Realizing Peddle’s vision for consumer-oriented personal computers required something that did not exist: an affordable, scalable microprocessor whose integrated circuitry could accomplish very complex activity. By 1975, Peddle and Commodore had come up with an answer: the 6502. Over the summer, they peppered trade publications with ads: In September, computer makers could buy their own 6502 for $25 at WesCon, an electronics show and convention in San Francisco.
The opportunity to buy Peddle’s cutting-edge processor attracted the attention of Apple co-founders Wozniak and Steve Jobs as well as many other members of the now-legendary Homebrew Computer Club, a group of techies who were instrumental in the eventual creation of the Silicon Valley technology complex in northern California.
“The Intel chip cost close to $400 (then) in single quantities,” Apple co-founder Wozniak told MAINE Alumni Magazine. “Chuck’s marketing plan for the 6501/6502 processors was to offer them directly for $20 and $25 at WesCon in San Francisco. This was unheard-of marketing but those of us who were ready to start a revolution wouldn’t miss this chance.”
For Peddle, there was a last-minute glitch. Event organizers wouldn’t allow companies to sell items on the floor of the show. Ever the engineer, Peddle quickly created a work-around. He rented a suite at the nearby St. Francis Hotel, and directed customers there.
“I went to WesCon and I remember paying $20 in cash for the 6501 processor, not knowing what its architecture and features were,” Wozniak recalled. “I also paid $25 for a 6502, which was the same to me but with one great simplification. I also paid $5 for a manual.
“I paid this [in] cash directly to Chuck and his wife,” Wozniak added. “Many of us in the Homebrew Computer Club bought our first microprocessor chips from Chuck.”
Al Alcorn, the man who invented Pong, the very first video game, remembers seeing Peddle in San Francisco. “Steve Jobs was there, we were there, MOS was there with a barrel full of 6502 processors. It became obvious how important that processor was going to be to launch the personal computer industry. It turned semiconductors into an electronics industry.”
The Rise of Commodore
All — yes, all — of the first successful home computing and gaming systems depended on the 6502. Peddle’s microprocessor also drove the most successful personal computers of the 1970s and early 1980s: the Commodore PET, which debuted in 1977; the Commodore VIC, launched in 1980; and the Commodore 64, which hit the market in 1982 and remains the best-selling computer of all time.
“The PET is big news,” Personal Computing magazine reported in 1977. It described Peddle’s PET as “a clean break from commercial and hobbyist computer systems … into a consumer market.”
In that article, Peddle presented his vision for how personal computers would affect lives. He posited that personal computers would one day connect with and access information from other personal computers. (Keep in mind: He said this 13 years before the World Wide Web would become a thing.) He spoke about home-based education and self-help resources that could be accessed through computer applications; using computer games to teach computing skills at an early age; and the inevitability of computer-assisted remote shopping, bill-paying, and banking.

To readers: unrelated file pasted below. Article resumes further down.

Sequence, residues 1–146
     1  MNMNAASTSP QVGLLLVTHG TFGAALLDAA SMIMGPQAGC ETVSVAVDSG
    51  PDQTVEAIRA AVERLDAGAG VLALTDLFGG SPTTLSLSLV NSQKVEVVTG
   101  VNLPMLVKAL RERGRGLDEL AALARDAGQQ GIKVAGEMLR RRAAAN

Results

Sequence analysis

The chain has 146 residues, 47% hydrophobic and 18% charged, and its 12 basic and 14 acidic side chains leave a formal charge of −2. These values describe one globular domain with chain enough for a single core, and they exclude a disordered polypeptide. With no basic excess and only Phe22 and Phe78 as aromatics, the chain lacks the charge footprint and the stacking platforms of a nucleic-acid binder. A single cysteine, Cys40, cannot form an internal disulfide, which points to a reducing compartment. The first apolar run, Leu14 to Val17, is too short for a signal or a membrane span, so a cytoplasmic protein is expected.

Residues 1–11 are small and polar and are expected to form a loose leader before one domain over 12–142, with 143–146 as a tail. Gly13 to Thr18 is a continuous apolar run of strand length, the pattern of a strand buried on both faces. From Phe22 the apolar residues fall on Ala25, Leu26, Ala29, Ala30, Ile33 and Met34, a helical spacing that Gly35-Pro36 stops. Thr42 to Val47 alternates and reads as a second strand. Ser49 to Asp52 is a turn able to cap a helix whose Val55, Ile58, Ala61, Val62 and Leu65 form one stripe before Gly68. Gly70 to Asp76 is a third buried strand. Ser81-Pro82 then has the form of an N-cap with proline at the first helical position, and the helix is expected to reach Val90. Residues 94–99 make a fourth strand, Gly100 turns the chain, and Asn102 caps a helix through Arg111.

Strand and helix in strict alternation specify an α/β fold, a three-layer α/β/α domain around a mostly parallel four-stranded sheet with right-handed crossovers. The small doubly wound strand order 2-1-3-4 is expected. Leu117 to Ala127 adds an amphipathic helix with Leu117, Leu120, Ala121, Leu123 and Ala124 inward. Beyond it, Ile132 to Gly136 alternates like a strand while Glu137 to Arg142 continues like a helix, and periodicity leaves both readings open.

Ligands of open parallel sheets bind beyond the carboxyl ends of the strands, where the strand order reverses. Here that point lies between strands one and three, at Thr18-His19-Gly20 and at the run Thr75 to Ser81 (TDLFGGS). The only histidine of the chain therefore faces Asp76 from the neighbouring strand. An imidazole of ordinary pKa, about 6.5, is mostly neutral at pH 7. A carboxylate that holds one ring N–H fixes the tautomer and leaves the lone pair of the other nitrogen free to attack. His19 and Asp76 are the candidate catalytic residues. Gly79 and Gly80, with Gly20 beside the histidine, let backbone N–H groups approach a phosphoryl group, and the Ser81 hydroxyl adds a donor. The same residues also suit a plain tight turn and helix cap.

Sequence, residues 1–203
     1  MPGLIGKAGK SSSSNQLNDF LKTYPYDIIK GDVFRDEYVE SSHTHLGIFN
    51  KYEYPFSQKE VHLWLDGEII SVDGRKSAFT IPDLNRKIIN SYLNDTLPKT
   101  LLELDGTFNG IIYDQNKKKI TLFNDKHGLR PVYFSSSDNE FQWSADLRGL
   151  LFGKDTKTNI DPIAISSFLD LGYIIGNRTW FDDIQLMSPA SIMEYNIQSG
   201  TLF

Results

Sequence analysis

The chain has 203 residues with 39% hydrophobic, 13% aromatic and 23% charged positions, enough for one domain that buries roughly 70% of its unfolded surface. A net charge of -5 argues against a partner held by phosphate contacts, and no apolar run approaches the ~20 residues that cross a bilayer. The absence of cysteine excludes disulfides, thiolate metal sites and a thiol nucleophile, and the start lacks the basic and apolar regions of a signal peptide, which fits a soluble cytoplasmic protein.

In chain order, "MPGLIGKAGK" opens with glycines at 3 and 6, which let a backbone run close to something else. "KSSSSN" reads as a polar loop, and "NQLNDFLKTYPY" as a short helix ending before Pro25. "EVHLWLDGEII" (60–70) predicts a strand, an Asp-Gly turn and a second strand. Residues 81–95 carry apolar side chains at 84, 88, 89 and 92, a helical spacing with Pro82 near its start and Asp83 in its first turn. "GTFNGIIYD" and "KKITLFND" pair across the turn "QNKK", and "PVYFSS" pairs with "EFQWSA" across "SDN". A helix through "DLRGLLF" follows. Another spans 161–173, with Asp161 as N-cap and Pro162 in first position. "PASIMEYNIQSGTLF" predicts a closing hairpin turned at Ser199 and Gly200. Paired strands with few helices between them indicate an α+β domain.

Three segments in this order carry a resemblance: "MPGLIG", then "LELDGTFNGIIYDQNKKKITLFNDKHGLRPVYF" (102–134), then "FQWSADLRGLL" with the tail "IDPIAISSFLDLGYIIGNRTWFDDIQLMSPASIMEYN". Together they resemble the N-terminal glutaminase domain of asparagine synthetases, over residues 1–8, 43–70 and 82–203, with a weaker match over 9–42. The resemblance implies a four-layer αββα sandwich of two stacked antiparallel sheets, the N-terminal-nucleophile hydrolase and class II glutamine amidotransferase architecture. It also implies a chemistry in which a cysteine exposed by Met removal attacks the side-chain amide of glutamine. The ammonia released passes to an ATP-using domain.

Even the way people watch TV programs would change as personal computers became commonplace, Peddle told the interviewer in 1977.
The Personal Computing article assessed Peddle’s prognostications and the Commodore PET’s appeal with cautious admiration. “This is an experiment on a grand scale,” the story declared. “It remains to be seen if the market [Peddle] predicted really exists or is imaginary.” (Spoiler alert: Those market predictions proved real.)
Peddle later designed the VIC 20 and then the Commodore 64. The company was selling 22 million computers a year, far outpacing its competitors, and Peddle’s team won “computer of the year” for the PET and the C-64.
What made all of that possible, Peddle says, was simply the supply-and-demand principles of economics. Making computers affordable was perhaps the single most significant success that ushered in personal computing.
Eventually, his success at Commodore came at odds with Jack Tramiel, the company’s hard-charging founder and president. Peddle was the young engineer getting all the attention, which, he suspects, rubbed the image-sensitive Tramiel the wrong way. The parting was not amicable, and Peddle later lost his Commodore stock in legal proceedings.
Still at Work
At 82 years of age, Peddle hasn’t stopped. Along with his longtime partner Kathleen Schaeffer, he shuttles between homes in northern California and Sri Lanka. He’s currently working on a new computer built around Flash memory that, he says, he can build 25 percent cheaper than competitors.
“This time I’m going to make money,” Peddle jokes.
The future for engineers, Peddle says, is combining robotics with the biomedical industry. He advises other tech innovators to follow the approach that helped him succeed: Look for ways to drive an industry by repurposing available technology. But even more important than technical skills, he says, is the same thing that set him apart from other engineers — having big ideas and the determination to pursue them.
“You take a dream, and you build a dream, and you keep building on it and you don’t let anybody stop you.”
A seminal moment in the history of the Commodore PET occurred in a second-story office above a bank in Albuquerque, New Mexico, where a young technology entrepreneur named Bill Gates had set up shop.
Gates had created something called Microsoft BASIC, a very user-friendly and versatile version of the most common programming language that computers use to perform functions. Chuck Peddle wanted the PET to run a custom version of BASIC that would optimize PET’s processing.
Demonstrating impressive business savvy, Peddle negotiated with Gates on a deal that has since become a noted reference point in the story of Gates’s career: a one-time, perpetual-use licensing fee of BASIC that practically gave away his product. In time Gates would readily acknowledge it was probably the worst deal he ever made.
Still, Gates and Peddle remained on good terms. Speaking at the 2006 Consumer Electronics Show in Las Vegas, Peddle offered what quickly became a much-cited assessment of technology’s two biggest figures at the time.
“There is nothing nice about Steve Jobs,” Peddle said, “and nothing evil about Bill Gates. Gates is a good man.”